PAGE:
AMONG the problems which the rapid and extensive growth of radio communication has presented, is that of keeping the frequencies of all transmitting stations steadily at their assigned values. The success of the various international plans which have been formulated in recent years, particularly for the control of broadcasting, must ultimately depend upon the ability of radio engineers to adjust and maintain a wireless transmitting station at its correct frequency or wave-length. At the present time the primary standards of frequency, which utilise either a tuning fork or a piezo-electric crystal, are amongst the most accurate of our physical standards. With the aid of suitable equipment, there is no difficulty in maintaining and using an accuracy well within one part in a million, while the frequency standards of different countries are in substantial agreement to within a few parts in ten million. Similar types of crystal or tuning fork oscillators can be employed to control the frequency of transmitting stations of appreciable power, by the aid of somewhat elaborate power-amplifying and, if necessary, frequency-multiplying equipment. This arrangement admirably serves the purpose of those stations operating on a single wave-length, and is used with conspicuous success in broadcasting stations and those used for long-distance telegraphic and telephonic communication.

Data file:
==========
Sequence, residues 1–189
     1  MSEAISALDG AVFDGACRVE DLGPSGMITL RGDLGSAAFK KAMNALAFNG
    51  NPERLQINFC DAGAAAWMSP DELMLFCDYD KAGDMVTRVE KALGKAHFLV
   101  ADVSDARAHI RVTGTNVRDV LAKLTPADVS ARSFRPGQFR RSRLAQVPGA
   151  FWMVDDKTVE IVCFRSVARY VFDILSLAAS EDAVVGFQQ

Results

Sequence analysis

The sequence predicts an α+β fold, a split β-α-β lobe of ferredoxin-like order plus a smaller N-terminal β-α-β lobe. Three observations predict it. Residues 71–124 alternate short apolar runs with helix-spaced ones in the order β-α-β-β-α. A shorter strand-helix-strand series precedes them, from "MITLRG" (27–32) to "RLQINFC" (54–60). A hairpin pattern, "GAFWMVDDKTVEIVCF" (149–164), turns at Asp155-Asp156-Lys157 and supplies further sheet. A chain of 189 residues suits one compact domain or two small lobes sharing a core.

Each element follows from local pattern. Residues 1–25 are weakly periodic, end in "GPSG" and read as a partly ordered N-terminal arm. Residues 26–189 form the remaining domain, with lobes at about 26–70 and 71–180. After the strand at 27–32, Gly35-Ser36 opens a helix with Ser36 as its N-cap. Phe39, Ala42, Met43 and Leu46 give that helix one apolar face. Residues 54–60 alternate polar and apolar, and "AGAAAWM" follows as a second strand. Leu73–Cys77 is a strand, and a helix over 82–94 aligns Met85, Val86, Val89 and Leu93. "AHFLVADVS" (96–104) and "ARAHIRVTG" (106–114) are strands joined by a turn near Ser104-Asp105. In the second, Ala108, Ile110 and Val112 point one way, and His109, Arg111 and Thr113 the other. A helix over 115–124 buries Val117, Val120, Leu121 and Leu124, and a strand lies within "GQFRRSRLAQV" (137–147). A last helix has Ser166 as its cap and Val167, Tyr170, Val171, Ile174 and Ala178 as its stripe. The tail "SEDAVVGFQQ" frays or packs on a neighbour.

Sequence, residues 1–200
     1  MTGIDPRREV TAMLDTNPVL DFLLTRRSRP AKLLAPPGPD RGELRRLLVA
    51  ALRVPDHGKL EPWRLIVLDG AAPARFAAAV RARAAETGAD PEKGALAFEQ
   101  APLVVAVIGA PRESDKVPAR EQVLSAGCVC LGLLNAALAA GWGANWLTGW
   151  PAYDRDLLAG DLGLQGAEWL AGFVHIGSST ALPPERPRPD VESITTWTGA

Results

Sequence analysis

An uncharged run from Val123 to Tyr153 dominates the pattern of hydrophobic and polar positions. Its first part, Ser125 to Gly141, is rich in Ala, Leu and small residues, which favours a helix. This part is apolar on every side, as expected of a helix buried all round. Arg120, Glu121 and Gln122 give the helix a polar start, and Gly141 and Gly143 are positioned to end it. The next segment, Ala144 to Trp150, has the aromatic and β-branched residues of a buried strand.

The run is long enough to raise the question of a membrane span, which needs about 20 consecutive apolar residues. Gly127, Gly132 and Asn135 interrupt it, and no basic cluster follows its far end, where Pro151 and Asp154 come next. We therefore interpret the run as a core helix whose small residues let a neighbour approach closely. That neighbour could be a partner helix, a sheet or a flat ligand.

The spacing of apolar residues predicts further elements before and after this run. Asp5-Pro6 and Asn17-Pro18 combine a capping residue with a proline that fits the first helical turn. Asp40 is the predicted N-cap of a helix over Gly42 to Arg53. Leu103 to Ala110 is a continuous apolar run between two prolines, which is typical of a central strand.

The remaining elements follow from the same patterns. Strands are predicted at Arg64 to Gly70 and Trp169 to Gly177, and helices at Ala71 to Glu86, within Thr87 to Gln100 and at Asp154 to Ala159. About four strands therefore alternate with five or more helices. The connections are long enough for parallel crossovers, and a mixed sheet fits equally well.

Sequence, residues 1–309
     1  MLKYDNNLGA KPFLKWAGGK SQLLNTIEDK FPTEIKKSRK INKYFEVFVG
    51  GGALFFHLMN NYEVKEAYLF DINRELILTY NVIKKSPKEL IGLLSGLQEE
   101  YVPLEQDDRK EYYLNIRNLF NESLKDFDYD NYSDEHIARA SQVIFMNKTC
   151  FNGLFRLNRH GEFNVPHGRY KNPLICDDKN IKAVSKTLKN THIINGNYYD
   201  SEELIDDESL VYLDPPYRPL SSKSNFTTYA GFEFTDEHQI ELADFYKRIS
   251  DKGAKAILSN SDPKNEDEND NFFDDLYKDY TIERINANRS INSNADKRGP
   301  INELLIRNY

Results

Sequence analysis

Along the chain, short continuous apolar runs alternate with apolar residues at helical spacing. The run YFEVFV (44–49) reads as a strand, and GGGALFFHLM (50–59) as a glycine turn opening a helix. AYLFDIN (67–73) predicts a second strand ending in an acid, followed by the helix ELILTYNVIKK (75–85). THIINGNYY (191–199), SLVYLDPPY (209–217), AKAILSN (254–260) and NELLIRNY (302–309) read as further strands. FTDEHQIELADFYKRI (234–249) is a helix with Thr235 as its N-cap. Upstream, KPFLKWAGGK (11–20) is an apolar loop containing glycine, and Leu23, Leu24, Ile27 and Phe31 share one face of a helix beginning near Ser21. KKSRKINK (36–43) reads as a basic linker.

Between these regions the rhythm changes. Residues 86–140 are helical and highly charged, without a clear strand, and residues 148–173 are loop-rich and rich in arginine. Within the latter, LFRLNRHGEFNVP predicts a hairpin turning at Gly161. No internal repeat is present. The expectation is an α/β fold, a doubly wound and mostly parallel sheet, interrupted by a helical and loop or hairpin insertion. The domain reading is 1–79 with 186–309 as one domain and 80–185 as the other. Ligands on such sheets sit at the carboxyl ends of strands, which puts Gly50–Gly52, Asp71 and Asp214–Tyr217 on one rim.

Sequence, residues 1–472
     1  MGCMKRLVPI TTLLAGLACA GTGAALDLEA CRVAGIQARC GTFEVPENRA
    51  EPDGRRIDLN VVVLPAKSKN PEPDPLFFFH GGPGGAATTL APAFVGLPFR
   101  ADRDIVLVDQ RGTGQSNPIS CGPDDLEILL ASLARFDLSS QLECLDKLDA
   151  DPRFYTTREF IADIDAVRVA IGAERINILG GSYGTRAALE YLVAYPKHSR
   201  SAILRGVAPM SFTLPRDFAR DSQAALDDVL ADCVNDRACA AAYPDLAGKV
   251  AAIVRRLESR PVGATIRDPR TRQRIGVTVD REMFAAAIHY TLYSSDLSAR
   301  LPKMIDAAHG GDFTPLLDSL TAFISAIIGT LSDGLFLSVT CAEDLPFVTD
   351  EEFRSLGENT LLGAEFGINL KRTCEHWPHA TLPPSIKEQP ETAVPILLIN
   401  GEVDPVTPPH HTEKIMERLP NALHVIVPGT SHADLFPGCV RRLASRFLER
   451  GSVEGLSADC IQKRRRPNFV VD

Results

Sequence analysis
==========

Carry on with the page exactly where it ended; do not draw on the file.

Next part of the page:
About this article